“In short, Mr. Rose has not presented credible evidence of a reconfigured life either by an honest acceptance by him of his wrongdoing … or by a rigorous, self-aware and sustained program of avoidance by him of all the circumstances that led to his permanent ineligibility in 1989,” Manfred wrote in his decision, dated Monday.
Manfred’s decision expressed doubt – or, in some cases, outright rejection – of Rose’s contrition, citing inconsistencies in Rose’s testimony and admonishing Rose for what baseball clearly considers a lack of understanding of the severity of his violations. Of their first meeting, on Aug. 5, Manfred wrote that Rose told him he continues to bet on horse racing and professional sports, including baseball. Though such bets “may have been permitted by law,” Manfred wrote, “… this fact does not mean that the bets would be permissible if made by a player or manager.”
Rose, Manfred wrote, had not taken seriously the plea of the late commissioner A. Bartlett Giamatti that he reconfigure his life before his reinstatement was considered.
“Most important, whatever else a ‘reconfigured life’ may include, in this case, it must begin with a complete rejection of the practices and habits that comprised his violations of Rule 21,” Manfred wrote.
Rose’s representatives were preparing a statement to be issued later Monday.
“We’re disappointed in today’s news,” said Ray Genco, his attorney, when reached by phone Monday. Genco said Rose would speak publicly Tuesday in Las Vegas, and he issued a statement Monday afternoon.
“While we may have failed at our task of presenting all the facts to the Commissioner demonstrating how Pete has grown and changed over the past three decades, Pete indeed has meaningfully reconfigured his life — the standard laid out by as Commissioner Giamatti,” Genco wrote. “Pete’s fall from grace is without parallel. He recognizes that it was also of his own making.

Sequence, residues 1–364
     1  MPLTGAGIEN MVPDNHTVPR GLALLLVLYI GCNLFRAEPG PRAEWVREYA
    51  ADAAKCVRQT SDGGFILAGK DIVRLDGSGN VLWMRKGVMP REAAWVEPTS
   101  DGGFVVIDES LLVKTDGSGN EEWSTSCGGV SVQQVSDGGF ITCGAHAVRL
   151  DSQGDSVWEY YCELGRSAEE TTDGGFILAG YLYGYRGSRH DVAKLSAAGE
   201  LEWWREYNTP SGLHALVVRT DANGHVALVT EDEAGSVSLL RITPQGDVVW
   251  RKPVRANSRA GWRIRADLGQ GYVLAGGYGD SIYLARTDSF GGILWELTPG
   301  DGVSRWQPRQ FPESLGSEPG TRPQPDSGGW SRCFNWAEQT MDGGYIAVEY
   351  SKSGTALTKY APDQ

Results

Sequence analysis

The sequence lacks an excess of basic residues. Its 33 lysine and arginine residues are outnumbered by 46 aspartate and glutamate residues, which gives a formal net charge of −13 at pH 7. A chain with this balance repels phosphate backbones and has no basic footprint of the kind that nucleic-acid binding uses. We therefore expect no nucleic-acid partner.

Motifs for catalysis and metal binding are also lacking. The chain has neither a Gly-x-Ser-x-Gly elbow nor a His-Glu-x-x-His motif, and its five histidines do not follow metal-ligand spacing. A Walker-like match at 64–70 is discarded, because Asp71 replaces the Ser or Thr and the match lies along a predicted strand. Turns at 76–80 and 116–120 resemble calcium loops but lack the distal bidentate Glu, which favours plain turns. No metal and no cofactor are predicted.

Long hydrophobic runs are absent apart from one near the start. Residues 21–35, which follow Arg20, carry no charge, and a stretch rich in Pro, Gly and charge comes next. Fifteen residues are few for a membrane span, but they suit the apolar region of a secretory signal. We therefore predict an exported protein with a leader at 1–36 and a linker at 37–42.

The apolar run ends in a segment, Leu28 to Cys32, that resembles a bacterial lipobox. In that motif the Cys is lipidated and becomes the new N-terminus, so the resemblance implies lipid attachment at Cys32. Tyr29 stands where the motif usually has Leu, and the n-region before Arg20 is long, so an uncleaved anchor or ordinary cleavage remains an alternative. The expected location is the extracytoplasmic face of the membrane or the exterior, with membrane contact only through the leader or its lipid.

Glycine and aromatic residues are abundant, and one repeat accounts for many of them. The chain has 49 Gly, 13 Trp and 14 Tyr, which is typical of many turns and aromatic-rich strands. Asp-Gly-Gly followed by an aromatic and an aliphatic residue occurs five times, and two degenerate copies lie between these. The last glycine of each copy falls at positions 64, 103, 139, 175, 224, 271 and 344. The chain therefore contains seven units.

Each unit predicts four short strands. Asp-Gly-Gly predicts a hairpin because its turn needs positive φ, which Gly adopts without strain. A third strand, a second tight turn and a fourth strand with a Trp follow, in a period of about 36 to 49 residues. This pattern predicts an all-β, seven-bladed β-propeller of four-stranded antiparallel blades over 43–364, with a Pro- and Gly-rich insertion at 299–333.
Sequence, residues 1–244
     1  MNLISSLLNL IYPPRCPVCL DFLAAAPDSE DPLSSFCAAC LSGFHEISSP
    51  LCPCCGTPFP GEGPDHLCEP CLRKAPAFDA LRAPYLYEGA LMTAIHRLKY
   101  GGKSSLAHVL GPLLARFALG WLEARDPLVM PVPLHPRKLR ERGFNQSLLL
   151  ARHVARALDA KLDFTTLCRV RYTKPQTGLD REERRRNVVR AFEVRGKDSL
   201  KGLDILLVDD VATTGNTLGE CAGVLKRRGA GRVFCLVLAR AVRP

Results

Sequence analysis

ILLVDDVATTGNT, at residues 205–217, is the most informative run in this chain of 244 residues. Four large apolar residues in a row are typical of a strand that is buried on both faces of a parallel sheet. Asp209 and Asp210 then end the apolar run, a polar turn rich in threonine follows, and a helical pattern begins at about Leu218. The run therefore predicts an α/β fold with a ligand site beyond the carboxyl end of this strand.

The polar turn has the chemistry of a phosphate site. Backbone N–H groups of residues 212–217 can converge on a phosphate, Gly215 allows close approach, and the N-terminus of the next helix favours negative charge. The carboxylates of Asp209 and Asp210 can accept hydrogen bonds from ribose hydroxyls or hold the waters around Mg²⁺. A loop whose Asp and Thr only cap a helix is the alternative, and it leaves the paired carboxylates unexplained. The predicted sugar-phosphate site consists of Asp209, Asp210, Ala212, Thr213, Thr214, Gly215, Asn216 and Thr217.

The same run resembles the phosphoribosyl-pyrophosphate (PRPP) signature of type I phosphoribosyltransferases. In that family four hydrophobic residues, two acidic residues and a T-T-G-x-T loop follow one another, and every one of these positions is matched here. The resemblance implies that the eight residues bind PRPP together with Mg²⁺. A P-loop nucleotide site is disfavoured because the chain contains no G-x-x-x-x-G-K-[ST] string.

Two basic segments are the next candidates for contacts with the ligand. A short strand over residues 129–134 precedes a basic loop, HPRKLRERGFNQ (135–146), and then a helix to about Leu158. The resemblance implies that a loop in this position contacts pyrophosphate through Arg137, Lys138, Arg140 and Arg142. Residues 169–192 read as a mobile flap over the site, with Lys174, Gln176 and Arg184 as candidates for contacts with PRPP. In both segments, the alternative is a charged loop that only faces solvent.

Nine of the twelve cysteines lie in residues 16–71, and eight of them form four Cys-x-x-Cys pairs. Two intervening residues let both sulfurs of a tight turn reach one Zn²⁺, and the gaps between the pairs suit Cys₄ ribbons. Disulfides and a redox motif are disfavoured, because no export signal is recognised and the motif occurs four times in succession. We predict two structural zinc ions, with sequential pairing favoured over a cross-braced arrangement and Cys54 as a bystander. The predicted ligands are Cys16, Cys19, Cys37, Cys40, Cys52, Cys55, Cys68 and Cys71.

“As such, Pete seeks to be judged not simply by the mistakes of his past- but also by the the work he has done over the last three decades in taking responsibility for his actions — constantly working to remain disciplined, compassionate and grateful.”
Rose was placed on the “permanently ineligible list” in 1989, when he signed an agreement that he had violated Major League Rule 21, which prohibits betting on baseball. His position on the banned list left him ineligible for the Hall of Fame, and he has subsequently been an outcast in his own sport – warily welcomed by his old Cincinnati Reds, for instance, when they hosted the All-Star Game this past summer.
Rose’s representatives reached out to baseball officials in February, shortly after Manfred took over for Bud Selig as commissioner, and Rose wrote to Manfred in April, requesting a meeting. Manfred said all year that he would have his staff conduct a review of all materials pertaining to the case, including but not limited to the report issued by Washington attorney John M. Dowd that led to Rose’s ban.
Manfred reviewed the report and then met with Rose on Sept. 24. Rose’s representatives had submitted two reports to Manfred, one of which Manfred said he “gave little weight because the factual background recited in it is inconsistent with what Mr. Rose told me during our meeting.”
The second report offered the results of a polygraph test Rose took voluntarily. The report, though, offered a conclusion of “no opinion” because of “technical reasons that were not Mr. Rose’s responsibility.”
Manfred said baseball also reviewed the notebook kept by gambler Michael Bertolini, obtained by federal investigators in 1989 but unknown to the public until an ESPN report earlier this year. The notebook contains records of bets placed by Rose on his own Cincinnati Reds in 1986. Rose, though, continued to claim that he only bet on baseball in 1987 even though the Bertolini notebook and the Dowd report cast that claim in serious doubt.
“Mr. Rose’s public and private comments, including his initial admission in 2004, provide me with little confidence that he has a mature understanding of his wrongful conduct, that he has accepted full responsibility for it, or that he understands the damage he has caused,” Manfred wrote.